Biden Challenger Ends Campaign, Backs Biden After Super Tuesday Struggle

Biden Challenger Ends Campaign, Backs Biden After Super Tuesday Struggle

A Democratic member of Congress who waged a lonely primary battle against President Joe Biden is calling it quits.

Minnesota Rep. Dean Philips suspended his presidential campaign on Wednesday, after failing to gain traction in any of the Super Tuesday primary contests.

The long-shot candidate announced the end on a broadcast of the Minnesota WCCO-AM radio’s “The Chad Hartman Show,” according to NBC News.

Philips announced his endorsement of Biden as he dropped out.

“I’m going to suspend my campaign and I will be, right now, endorsing President Biden because the choices are so clear,” Philips said of the presidential campaign.

The announcement came on the same day former South Carolina Gov. Nikki Haley suspended her campaign for the Republican nomination against former President Donald Trump.

Phillips criticized Trump in his announcement.

“The alternative, Donald Trump, is a very dangerous, dangerous man,” he said, according to NBC.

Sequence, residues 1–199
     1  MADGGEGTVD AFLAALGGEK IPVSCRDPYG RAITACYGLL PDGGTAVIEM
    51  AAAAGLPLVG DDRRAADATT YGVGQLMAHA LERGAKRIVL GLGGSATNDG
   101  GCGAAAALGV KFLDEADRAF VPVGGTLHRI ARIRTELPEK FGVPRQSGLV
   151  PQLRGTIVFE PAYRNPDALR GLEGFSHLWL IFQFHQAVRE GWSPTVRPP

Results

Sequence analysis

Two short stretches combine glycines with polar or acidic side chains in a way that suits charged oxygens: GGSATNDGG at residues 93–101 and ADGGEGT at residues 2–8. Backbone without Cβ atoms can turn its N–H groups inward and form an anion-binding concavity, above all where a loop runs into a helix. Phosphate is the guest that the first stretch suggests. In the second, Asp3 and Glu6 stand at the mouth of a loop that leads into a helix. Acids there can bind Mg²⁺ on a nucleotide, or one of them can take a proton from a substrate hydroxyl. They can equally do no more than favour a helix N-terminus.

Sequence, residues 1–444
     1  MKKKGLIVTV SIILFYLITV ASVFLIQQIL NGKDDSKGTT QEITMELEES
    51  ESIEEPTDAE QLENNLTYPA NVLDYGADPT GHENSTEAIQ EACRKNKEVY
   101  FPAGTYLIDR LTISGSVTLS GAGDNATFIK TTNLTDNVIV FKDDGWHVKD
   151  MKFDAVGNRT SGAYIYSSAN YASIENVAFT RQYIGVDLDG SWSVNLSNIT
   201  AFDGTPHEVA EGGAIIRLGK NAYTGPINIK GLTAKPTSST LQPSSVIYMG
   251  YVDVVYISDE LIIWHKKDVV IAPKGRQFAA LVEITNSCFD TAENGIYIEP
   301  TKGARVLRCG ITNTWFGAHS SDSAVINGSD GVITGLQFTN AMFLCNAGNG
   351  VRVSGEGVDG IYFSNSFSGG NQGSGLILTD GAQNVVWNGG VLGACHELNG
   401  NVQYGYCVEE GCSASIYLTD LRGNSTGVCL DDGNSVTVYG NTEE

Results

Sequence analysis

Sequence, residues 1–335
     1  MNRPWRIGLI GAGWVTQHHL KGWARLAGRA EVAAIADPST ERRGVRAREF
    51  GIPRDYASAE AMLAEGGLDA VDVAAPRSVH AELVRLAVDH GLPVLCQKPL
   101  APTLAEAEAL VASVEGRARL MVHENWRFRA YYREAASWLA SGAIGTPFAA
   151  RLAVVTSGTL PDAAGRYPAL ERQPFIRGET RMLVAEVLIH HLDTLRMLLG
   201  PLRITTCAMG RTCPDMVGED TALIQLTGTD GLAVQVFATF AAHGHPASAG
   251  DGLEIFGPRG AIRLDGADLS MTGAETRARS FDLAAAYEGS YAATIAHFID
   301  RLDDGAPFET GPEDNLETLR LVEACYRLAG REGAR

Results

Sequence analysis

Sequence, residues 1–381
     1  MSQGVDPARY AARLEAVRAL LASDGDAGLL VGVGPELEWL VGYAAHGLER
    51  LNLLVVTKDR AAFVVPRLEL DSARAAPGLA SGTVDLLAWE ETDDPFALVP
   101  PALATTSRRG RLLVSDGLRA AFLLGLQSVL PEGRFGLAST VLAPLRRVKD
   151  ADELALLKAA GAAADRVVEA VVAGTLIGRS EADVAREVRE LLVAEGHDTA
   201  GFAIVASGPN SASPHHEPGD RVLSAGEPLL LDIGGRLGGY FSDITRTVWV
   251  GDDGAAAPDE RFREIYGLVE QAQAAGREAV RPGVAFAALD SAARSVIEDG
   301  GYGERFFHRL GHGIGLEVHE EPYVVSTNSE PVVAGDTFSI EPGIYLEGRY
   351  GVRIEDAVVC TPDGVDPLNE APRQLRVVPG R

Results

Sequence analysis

“I would simply ask and invite and encourage Haley supporters, Trump supporters, uncommitted supporters to unify behind decency and integrity.”

Philips failed to rouse significant support in any of the early primary and caucus states, and didn’t secure a single delegate.

The three-term Minnesota congressman was willing to question the prospect of nominating Biden on the basis of his advanced age, an almost unheard-of position for a Democratic elected official.

“At that stage of life, it is impossible, ultimately, to conduct, to prosecute the office of the American presidency in the way that this country [and] the world needs right now,” Philips told Axios before the New Hampshire primary.

Philips did receive nearly 20 percent of the vote in that contest,  according to CNN, although his showing wasn’t enough to secure any delegates.

President Joe Biden won the state overwhelmingly — as a write-in candidate.

The Democratic National Committee refused to schedule any primary debates, treating Biden as the party’s de facto nominee well before a single vote was counted.

Philips’ departure leaves Marianne Williamson as one of a handful of longer-than-long-shot candidates challenging the incumbent.

Another minor candidate, Jason Palmer of Baltimore, did secure a victory in the Democratic primary of American Samoa on Super Tuesday, according to The Associated Press.


This article appeared originally on The Western Journal.

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